Female Genital Mutilation (FGM) sometimes called female circumcision involves the cutting or removal of some or all of the external female genitalia – for nonmedical reasons. The procedure largely involves the removal of the clitoral hood, clitoral glans, removal of the inner and outer labia, closure of the vulva and infibulation – leaving a small hole so that the person can pass urine and menstrual fluid. It is important to note that FGM is most common in Africa, Asia and the Middle East and prevalent among girls between the ages of 15 and 49.
As at 2016, an estimated 200 million women in 30 countries (27 of these countries are in Africa) were circumcised (UNICEF, 2016). According to adherents, the main reason for female circumcision is the belief that circumcising females helps in controlling sexuality and keeping women sexually pure – until marriage. Though this benefit is not scientifically proven, there are proven negative health defects of the practice. Some of these negative defects of FGM include: development of cyst, difficulties in becoming pregnant, painful menstrual periods, complications during childbirth and difficulties in urinating. In descending order, FGM is most prevalent in Nigeria, Egypt, Mali, Eritrea, Sudan, Central African Republic, Ghana (northern Ghana), Somalia and Djibouti.
Nigeria is among the 27 countries in Africa practicing female genital mutilation and the country has the highest number of ‘victims’ in the world.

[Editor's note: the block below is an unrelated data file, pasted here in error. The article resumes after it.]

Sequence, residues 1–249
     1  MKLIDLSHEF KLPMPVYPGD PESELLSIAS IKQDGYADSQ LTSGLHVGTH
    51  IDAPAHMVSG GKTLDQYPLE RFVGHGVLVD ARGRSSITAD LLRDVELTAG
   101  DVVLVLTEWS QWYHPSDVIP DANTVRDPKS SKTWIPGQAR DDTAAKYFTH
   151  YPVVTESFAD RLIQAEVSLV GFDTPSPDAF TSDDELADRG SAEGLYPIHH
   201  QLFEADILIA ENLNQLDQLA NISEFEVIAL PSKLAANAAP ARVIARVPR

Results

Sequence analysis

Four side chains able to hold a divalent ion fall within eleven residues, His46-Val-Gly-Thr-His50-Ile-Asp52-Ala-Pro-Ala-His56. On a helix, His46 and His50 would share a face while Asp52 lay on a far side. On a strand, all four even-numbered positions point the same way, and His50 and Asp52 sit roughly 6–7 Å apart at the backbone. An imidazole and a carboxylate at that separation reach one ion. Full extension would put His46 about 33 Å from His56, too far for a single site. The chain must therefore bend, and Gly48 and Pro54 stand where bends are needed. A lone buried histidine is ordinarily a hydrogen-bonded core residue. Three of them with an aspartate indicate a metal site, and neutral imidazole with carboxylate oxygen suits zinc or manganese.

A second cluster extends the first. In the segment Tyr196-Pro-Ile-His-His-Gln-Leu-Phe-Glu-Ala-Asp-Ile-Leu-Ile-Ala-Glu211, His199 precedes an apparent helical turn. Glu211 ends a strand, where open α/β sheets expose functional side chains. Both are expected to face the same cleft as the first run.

Nigerian government condemns the practice but there is no sign of decline. Of the six zones in Nigeria, FGM is most common in the south-south (77%), south-east (68%) and the south-west (65%).
There is a need to increase awareness in Nigeria that female genital mutilation is not only a violation of a fundamental human right of the victims, but also poses health risks to them. The major setbacks in the fight against female circumcision in Nigeria are the absence of enabling laws banning the practice and strict adherence to tradition.
In Nigeria, many individuals and groups opposing FGM are being persecuted because it is regarded as a traditional practice. Take the story of Mr. Anthony Eluigwe from Abia state who got married in 2009 to Bilkisu Eluigwe, a woman from another region. After they had had their second child, a female they named Diamond, his kinsmen insisted that both Mrs. Bilkisu and her daughter Diamond get mutilated. They resisted, which led to a series of persecution that ultimately resulted to Mr. Anthony’s death. Sadly even his death didn’t stop the persecution. His wife was threatened that her kids would be seized from her if she doesn’t undergo the mutilation. Presently she is hiding in fear for her life. Her parents are being harassed on a constant basis
This sad example is one among many cases of Nigerians that are being persecuted over their resistance to female circumcision. The practice of FGM is anti-dignity and also against the fundamental human rights of women and as such the campaign against its continued practice in Nigeria must be intensified. Female circumcision is cruel, inhuman and degrading as it involves violating the rights to good health, integrity, freedom from pains/torture and the right to life – there are instances where mutilations have led to deaths.
What is to be done?
The government – local, state and federal – must as a matter of urgency/emergency prohibit the practice of FGM in the country – as other countries in the world are beginning to do and also educate traditional rulers and their subjects about the overwhelming dangers of FGM.
– Enyi writes from Kaduna.
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